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'Stop tarnishing her legacy': Amy Winehouse hologram tour announcement leads to fan fury

·Editor, Yahoo Entertainment
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The announcement that an Amy Winehouse hologram will embark on a three-year world tour has many of her fans crying no, no no.

The British songstress’s father, Mitch Winehouse, was “delighted” to share the news Thursday and said “all proceeds of the tour,” which starts in late 2019, will go to the charitable foundation created in her name. However, there has been a backlash against the decision. The very idea of the tour is being bashed as exploitive, and Winehouse’s dad, a controversial character, is taking hits as well. The general sentiment is: Why can’t the Camden Town fave be left to rest in peace?

Here are some of the comments made on social media.

Mitch himself was the target of much of the criticism. But that’s not exactly a new development — he has long been criticized for the way he’s maintained his daughter’s legacy. (One year ago, he announced an Amy Winehouse musical was in the works.)

In general, people have issues with the whole hologram concept, which has been used before with deceased stars such as Michael Jackson, Tupac Shakur, and Roy Orbison, to name a few.

In talking about Winehouse’s hologram tour, which will consist of a live band accompanying vocals from original recordings, her father said, “This is a dream for us. To see her perform again is something special that really can’t be put into words. Our daughter’s music touched the lives of millions of people, and it means everything that her legacy will continue in this innovative and groundbreaking way.”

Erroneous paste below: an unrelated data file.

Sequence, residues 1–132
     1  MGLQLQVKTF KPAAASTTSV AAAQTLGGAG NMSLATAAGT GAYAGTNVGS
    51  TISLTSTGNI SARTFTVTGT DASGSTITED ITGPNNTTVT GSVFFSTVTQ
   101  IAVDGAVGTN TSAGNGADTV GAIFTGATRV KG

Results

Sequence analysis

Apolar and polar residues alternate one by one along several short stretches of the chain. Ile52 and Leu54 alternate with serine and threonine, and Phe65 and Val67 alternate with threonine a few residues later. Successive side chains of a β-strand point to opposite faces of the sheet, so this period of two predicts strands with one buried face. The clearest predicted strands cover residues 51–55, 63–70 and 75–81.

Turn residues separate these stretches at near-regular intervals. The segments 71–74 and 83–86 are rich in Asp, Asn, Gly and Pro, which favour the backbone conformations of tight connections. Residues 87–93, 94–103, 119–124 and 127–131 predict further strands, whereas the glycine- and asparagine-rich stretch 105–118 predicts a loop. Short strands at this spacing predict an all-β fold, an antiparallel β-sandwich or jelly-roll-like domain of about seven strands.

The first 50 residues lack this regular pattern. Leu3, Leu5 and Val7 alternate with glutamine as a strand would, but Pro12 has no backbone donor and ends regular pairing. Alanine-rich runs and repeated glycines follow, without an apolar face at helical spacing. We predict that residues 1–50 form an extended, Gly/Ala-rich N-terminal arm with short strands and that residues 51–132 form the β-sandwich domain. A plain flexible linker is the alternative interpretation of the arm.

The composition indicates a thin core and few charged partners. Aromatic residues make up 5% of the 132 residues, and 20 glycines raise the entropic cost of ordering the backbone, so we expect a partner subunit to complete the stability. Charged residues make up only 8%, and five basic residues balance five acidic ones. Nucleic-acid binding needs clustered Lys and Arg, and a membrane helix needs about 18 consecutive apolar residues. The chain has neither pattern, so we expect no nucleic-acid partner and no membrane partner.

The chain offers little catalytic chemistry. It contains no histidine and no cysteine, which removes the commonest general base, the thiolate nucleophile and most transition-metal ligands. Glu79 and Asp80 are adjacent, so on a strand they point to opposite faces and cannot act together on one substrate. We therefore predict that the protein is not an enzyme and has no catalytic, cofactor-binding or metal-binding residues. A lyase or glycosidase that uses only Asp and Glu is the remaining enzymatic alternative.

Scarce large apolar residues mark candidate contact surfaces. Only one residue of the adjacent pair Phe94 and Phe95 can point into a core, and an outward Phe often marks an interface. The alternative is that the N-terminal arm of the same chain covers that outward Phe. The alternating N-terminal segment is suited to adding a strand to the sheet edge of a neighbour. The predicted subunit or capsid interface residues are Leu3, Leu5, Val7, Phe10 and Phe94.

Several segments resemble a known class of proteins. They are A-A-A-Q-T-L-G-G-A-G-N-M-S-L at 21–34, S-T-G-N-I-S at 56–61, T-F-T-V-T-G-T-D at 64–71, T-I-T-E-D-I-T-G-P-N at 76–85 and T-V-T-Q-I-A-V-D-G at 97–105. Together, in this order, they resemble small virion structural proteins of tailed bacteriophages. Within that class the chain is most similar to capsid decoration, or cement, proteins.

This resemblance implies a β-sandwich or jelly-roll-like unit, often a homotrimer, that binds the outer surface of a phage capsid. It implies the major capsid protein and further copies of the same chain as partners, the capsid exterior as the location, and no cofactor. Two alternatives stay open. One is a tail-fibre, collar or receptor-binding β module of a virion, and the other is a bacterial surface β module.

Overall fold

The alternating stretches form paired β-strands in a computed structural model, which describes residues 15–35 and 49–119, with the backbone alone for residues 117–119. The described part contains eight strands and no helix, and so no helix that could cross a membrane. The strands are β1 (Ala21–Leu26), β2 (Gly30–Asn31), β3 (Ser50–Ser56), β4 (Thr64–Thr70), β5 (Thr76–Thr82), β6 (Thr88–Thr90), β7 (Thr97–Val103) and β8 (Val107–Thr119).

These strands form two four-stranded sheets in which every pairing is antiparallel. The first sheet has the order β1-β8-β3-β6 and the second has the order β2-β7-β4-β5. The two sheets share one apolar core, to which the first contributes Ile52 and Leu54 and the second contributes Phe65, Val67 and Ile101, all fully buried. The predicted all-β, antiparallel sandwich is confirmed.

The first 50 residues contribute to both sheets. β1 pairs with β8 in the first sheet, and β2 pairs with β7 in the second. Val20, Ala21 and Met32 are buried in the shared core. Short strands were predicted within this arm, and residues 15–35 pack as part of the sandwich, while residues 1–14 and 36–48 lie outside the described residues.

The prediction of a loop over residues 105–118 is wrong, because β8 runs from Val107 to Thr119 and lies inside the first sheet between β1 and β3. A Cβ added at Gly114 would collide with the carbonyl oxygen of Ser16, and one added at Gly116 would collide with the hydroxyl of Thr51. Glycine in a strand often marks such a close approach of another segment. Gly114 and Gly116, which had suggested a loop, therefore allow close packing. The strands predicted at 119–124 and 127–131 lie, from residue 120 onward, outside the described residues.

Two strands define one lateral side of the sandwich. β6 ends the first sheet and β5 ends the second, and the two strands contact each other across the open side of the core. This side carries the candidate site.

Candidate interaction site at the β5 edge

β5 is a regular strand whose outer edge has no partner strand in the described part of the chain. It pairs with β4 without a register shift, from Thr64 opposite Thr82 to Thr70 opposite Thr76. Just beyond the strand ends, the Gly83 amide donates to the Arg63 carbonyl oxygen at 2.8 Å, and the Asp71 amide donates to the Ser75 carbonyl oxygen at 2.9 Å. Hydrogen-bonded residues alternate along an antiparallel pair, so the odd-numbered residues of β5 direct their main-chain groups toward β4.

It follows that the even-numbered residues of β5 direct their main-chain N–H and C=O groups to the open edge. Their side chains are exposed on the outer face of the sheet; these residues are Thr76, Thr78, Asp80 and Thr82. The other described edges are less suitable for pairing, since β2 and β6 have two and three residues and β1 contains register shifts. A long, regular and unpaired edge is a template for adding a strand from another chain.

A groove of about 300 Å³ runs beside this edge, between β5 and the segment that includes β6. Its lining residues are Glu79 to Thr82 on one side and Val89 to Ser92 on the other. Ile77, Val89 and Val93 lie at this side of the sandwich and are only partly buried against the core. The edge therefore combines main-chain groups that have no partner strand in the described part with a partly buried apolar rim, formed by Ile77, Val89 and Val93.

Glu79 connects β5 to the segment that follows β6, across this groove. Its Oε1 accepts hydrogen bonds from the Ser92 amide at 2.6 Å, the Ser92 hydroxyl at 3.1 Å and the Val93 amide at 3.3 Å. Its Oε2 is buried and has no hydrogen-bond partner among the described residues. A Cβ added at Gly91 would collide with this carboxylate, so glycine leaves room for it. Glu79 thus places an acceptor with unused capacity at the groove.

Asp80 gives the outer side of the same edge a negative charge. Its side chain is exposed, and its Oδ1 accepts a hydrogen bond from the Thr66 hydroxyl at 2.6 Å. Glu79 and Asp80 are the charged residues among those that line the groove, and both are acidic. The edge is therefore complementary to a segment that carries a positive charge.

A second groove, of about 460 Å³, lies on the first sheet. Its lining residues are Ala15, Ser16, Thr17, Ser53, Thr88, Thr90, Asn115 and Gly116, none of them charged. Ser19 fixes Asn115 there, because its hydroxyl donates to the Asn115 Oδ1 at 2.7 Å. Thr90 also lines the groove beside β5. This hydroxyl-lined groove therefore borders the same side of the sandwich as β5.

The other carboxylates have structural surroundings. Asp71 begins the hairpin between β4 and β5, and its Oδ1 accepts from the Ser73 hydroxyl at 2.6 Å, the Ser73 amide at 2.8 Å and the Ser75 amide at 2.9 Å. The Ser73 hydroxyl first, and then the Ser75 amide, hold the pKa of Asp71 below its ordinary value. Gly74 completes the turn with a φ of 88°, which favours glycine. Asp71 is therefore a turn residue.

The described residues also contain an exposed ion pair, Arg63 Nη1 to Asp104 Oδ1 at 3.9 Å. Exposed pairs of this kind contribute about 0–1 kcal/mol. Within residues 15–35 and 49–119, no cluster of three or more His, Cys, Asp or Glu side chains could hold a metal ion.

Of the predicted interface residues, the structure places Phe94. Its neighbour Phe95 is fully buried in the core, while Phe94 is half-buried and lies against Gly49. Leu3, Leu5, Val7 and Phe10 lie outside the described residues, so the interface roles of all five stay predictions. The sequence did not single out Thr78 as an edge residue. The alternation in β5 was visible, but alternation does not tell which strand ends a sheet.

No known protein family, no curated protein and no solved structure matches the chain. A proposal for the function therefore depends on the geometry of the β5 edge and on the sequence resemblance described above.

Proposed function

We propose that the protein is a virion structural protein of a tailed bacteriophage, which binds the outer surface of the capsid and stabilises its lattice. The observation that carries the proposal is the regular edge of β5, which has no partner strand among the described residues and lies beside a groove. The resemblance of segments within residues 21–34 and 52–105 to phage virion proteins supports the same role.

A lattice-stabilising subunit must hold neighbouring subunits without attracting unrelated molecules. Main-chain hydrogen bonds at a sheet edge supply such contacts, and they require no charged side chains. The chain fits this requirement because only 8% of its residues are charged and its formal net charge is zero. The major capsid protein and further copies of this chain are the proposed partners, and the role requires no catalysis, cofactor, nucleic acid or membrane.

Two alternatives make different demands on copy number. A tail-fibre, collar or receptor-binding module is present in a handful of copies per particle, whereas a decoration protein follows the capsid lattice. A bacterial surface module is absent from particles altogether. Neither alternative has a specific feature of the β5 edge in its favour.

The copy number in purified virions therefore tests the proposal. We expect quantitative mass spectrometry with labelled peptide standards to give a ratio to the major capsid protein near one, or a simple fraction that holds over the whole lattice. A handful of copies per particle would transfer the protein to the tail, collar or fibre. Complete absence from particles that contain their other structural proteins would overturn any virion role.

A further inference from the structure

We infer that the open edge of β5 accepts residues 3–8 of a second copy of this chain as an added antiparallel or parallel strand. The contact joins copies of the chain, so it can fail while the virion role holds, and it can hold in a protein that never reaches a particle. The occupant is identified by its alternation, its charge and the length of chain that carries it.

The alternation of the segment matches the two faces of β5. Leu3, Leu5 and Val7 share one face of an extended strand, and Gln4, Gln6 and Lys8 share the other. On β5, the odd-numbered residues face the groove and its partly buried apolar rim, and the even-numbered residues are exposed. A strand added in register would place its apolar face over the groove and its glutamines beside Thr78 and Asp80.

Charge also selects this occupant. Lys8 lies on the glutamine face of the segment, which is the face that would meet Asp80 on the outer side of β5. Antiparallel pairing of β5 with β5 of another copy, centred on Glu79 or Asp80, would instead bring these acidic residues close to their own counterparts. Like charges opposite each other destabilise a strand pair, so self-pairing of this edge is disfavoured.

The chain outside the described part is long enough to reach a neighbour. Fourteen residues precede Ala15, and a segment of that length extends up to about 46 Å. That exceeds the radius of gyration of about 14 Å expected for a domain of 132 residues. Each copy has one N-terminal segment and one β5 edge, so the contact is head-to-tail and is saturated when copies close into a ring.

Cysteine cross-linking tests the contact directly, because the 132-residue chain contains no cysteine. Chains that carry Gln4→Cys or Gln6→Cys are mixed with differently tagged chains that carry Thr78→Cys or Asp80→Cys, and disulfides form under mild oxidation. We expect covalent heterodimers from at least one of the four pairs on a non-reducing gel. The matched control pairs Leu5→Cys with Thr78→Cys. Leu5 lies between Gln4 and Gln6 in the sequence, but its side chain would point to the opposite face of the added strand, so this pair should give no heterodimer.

Amy Winehouse’s parents — Mitch and Janis Winehouse — at the unveiling of the statue of the singer in the Camden Town area of London, in September 2014. (Photo: Fred Duval/FilmMagic)
Amy Winehouse’s parents — Mitch and Janis Winehouse — at the unveiling of the statue of the singer in the Camden Town area of London, in September 2014. (Photo: Fred Duval/FilmMagic)

Plagued by drug and alcohol addiction, Winehouse drank herself to death. She suffered alcohol poisoning in July 2011, at age 27, while drinking vodka alone in her bedroom. Her blood alcohol level was five times the legal limit. Her life, death, and music have fascinated the public, though, and a new documentary, Back to Black, will be released Nov. 2 and give fans a look at the making of her critically acclaimed final studio album of the same name.

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